Call for Essays About Any Aspect of Popular Culture, Present or Past

 
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Friday, Oct 3, 2014
And though they were sad, the 137th most acclaimed album of all time rescued everyone. They lifted up the sun. A spoonful weighs a ton. A 1999 neo-psychedelic masterpiece is this week's Counterbalance.

Klinger: I’ve made no secret of the fact that as the 1990s wore on and on and on, I found myself increasingly tired of what alternative rock had become. I couldn’t hear much beyond the unrelenting bleakness and/or the chamomile acoustic stylings that were all symptomatic of the times. At least that’s the way I remember it. Anyway, imagine my surprise when I started hearing that the Flaming Lips, a group I had only been half-paying attention to, had just released an unabashed classic that mixed sunny psychedelia with gigantic beats, and in the process had created their masterpiece nine albums into their career. Then imagine my surprise when I heard the album and bought into the hype 100%.


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Friday, Sep 26, 2014
Ain't nobody as dope as the 124th most acclaimed album of all time, so fresh and so clean. It loves it when you stare at it. A hip-hop game changer is this week's Counterbalance. Break!

Mendelsohn: While perusing the Great List one day I happened to notice Outkast’s Stankonia sitting respectably in the back half of the top 200. That was a couple of months ago — when I went to check the list again today (after the recent update), Stankonia had jumped all the way up to number 124. That’s a huge jump in terms of the Great List, meaning the full effects of the “Best Of 2000s” lists are now being felt throughout the Critical Industrial Complex as they reevaluate the last decade. It had been nearly 15 years since I’d listened to this record but I had some fond memories of a couple of the songs, namely the ones about apologizing to Ms. Jackson and practicing good hygiene in order to stay fresh and clean.


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Friday, Sep 19, 2014
This week's Counterbalance takes on the 1,377th most acclaimed album of all time, Paul and Linda McCartney's 1971 joint effort. Have another look, have a cup of tea and a butter pie. (The butter wouldn't melt so we put it in a pie.)

Klinger: As someone who came into Beatle fandom right about the time that the 1970s were turning into the ‘80s, I came to understand a couple of pieces of received wisdom. The first was, of course, that the Beatles were completely unassailable in every way, and the second was that there were only a couple solo Beatle albums worth listening to. John Lennon had two, both of which we covered during our Great List years, while Paul McCartney had only one, his 1973 effort Band on the Run, the album that almost singlehandedly, albeit temporarily, saved his critical reputation.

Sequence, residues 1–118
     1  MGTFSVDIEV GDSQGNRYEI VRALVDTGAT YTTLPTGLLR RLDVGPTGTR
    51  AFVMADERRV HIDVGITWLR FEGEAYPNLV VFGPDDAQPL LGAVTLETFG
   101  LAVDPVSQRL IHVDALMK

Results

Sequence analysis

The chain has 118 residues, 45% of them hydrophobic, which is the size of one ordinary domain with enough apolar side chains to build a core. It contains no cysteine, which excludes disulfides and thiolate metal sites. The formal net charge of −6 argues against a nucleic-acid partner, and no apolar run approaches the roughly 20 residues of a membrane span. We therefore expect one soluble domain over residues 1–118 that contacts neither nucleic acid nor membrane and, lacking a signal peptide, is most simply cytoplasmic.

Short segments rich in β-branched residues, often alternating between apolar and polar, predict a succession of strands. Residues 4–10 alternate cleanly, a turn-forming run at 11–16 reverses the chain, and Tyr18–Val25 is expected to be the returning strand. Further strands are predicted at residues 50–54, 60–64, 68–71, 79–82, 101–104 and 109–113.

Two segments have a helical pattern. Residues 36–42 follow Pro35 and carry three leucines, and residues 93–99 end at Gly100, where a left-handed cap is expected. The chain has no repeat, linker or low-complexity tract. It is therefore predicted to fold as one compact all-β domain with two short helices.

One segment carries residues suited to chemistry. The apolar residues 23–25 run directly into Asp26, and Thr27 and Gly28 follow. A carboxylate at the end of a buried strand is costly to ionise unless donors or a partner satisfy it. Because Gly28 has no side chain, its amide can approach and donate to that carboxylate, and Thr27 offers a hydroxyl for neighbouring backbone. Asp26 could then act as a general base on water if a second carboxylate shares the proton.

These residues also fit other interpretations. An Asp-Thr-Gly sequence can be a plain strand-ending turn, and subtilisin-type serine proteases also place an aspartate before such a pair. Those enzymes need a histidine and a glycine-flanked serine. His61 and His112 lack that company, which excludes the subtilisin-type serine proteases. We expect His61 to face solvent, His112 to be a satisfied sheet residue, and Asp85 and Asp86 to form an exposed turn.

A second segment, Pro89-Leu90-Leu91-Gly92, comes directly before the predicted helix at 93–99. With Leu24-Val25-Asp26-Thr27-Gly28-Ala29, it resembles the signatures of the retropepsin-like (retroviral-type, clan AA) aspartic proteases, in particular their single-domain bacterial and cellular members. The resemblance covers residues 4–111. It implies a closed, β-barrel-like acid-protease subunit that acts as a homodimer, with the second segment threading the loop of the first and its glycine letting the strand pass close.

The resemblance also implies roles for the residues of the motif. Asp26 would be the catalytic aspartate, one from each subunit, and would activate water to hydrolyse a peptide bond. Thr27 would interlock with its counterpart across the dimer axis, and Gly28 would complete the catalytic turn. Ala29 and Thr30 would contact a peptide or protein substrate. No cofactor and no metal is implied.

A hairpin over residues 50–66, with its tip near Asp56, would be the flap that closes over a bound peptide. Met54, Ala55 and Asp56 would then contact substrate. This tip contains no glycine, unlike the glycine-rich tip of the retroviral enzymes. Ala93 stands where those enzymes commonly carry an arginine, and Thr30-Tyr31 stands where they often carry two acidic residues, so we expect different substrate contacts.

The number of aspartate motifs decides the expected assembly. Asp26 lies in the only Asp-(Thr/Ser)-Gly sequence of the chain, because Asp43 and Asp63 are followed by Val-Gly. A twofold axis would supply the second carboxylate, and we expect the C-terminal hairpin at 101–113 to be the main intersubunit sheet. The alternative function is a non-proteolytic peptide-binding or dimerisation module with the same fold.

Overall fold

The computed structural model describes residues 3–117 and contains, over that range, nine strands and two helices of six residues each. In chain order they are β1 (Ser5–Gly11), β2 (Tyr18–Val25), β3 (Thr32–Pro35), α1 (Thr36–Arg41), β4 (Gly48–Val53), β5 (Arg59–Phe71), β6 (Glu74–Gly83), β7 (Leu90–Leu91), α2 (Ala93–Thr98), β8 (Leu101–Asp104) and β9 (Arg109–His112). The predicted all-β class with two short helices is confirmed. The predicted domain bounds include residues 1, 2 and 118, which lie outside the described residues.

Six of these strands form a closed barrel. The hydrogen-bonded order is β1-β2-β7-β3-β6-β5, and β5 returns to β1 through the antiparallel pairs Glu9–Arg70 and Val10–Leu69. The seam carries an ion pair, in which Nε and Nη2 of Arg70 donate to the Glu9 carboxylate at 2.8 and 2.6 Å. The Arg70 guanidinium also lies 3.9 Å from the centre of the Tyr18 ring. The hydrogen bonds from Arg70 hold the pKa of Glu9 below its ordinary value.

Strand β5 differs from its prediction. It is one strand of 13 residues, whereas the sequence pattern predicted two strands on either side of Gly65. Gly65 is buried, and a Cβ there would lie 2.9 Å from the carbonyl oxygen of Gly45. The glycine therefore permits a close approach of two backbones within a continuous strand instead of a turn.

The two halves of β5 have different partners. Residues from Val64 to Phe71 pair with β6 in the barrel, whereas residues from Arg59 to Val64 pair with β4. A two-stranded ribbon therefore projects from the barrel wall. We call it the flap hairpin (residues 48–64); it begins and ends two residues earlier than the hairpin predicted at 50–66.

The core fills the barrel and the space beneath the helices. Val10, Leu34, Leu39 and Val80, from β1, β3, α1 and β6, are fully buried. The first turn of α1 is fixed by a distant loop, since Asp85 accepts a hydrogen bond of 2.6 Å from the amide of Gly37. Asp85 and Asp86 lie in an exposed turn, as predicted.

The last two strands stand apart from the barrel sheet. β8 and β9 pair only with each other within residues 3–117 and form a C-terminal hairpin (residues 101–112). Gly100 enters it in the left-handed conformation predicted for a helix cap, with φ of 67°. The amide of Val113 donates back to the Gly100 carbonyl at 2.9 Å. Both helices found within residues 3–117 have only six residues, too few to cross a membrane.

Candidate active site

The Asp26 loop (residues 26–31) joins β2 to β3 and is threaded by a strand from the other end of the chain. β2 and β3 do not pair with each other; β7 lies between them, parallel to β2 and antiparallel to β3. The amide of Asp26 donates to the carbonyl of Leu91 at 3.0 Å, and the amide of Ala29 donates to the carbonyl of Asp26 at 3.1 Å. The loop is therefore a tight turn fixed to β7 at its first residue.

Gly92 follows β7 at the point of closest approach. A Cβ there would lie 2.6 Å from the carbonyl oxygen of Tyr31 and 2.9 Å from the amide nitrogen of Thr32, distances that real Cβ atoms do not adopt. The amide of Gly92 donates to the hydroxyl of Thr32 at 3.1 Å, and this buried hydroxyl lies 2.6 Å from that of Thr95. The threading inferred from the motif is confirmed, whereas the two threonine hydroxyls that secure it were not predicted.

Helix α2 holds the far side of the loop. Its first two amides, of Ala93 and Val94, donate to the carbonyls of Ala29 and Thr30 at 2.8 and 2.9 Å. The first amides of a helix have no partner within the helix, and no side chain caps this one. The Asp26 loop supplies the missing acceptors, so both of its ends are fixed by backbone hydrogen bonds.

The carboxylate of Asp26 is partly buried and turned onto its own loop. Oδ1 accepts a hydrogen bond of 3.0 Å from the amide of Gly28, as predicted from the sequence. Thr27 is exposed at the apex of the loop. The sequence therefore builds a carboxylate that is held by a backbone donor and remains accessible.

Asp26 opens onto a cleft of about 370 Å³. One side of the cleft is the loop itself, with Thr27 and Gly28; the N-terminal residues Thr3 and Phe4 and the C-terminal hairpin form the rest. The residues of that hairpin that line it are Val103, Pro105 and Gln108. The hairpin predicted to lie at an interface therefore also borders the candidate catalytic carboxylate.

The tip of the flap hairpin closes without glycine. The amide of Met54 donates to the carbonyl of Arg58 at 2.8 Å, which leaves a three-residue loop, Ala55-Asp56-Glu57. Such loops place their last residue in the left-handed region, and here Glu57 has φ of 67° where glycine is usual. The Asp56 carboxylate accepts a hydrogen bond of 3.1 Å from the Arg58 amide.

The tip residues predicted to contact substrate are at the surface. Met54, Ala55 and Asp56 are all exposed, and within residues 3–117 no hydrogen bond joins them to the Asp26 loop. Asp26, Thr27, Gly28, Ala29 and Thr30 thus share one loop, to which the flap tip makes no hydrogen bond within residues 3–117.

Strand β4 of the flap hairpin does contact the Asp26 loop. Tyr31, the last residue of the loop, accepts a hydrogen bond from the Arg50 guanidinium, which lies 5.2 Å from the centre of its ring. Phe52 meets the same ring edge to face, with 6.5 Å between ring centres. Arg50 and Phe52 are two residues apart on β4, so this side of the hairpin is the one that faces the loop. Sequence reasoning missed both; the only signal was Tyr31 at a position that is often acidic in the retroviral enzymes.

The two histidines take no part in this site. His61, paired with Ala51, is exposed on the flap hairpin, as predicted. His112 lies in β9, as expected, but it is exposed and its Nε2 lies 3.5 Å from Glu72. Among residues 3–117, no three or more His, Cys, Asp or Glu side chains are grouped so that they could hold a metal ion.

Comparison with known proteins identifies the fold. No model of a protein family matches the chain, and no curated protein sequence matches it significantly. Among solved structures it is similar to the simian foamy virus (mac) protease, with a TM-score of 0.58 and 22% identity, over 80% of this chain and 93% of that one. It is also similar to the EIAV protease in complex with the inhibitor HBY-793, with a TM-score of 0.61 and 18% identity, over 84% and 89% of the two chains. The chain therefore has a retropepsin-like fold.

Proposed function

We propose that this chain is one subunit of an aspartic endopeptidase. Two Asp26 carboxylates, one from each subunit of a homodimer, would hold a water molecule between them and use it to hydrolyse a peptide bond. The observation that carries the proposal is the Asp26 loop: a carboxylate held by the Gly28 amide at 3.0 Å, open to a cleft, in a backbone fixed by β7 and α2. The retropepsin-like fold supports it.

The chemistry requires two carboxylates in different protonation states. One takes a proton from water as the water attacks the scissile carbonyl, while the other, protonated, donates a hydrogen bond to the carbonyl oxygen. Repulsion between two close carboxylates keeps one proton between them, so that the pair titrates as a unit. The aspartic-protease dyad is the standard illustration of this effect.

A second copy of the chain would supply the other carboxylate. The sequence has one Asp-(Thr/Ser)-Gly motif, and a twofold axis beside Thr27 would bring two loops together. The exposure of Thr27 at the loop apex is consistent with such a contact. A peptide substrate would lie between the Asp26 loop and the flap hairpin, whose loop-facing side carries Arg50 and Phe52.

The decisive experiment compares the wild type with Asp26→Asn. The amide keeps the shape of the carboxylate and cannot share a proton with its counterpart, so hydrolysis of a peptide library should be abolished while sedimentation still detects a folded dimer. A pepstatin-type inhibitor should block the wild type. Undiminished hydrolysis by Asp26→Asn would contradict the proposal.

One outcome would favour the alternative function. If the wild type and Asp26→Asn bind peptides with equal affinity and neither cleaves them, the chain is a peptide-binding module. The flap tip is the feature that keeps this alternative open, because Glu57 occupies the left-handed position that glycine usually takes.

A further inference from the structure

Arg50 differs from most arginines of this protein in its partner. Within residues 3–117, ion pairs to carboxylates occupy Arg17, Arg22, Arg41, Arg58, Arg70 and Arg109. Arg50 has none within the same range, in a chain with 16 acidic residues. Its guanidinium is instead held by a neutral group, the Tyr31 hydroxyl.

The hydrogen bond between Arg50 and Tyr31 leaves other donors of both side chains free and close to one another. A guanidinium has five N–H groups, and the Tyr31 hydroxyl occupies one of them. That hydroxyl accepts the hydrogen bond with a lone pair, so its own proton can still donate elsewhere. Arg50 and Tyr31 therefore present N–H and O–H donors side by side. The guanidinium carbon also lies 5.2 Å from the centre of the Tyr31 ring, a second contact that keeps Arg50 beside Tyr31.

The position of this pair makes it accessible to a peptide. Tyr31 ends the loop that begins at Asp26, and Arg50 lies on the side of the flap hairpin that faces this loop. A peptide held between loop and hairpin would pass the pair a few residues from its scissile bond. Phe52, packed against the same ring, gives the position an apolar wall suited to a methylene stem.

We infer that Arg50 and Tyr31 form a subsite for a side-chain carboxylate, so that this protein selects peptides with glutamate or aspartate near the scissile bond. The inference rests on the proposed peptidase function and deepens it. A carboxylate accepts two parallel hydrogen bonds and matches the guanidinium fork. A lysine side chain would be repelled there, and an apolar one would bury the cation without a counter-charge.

Tagged as: paul mccartney
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Friday, Sep 12, 2014
In my eyes, indisposed, in disguise as no one knows hides the face of this week's Counterbalance. 281st most acclaimed album of all time, won't you come and wash away the rain?

Mendelsohn: I didn’t even want to talk about this album. I just wanted to make you listen to Soundgarden for a week. Mission accomplished.


Klinger: Well played, sir.


Mendelsohn: But, while were here, and since I imagine you listened to this record at least once, we might as well have a little back-and-forth. Because, honestly, what else are we going to do? In my head, I can already here you grumbling about no nostalgia for the 1990s, no affinity for alternative music, wading through your Gen-X miasma, etc. I almost feel bad for making you listen to Soundgarden’s Superunknown. Almost.


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Friday, Sep 5, 2014
You reach out and into the absence and gasping. The vastness grabs you like an alien embrace, your face to the face of this week's Counterbalance, in which we look at the Dirty Projectors' 2012 indie hit. Foolish, we know, but we're about to die.

Klinger: I don’t recall what exactly led me to pick up Rise Above, the Dirty Projectors’ radical 2007 reimagining of the Black Flag album Damaged. I was never that much of a Black Flag fan, and I think I had only read a review or two of the Dirty Projectors before I took the plunge. I’m awfully glad I did, since Dave Longstreth and his group have consistently produced music that’s equal parts challenging and exhilarating. I’ve been a big fan of the way the group structures its songs so that it’s hard to tell exactly when a wave of noise is going to overtake the arrangement, while still maintaining a surprising sense of melody. Swing Lo Magellan (2012) might be my favorite of theirs, with a series of undeniable hooks lying below the slightly off-kilter surface.


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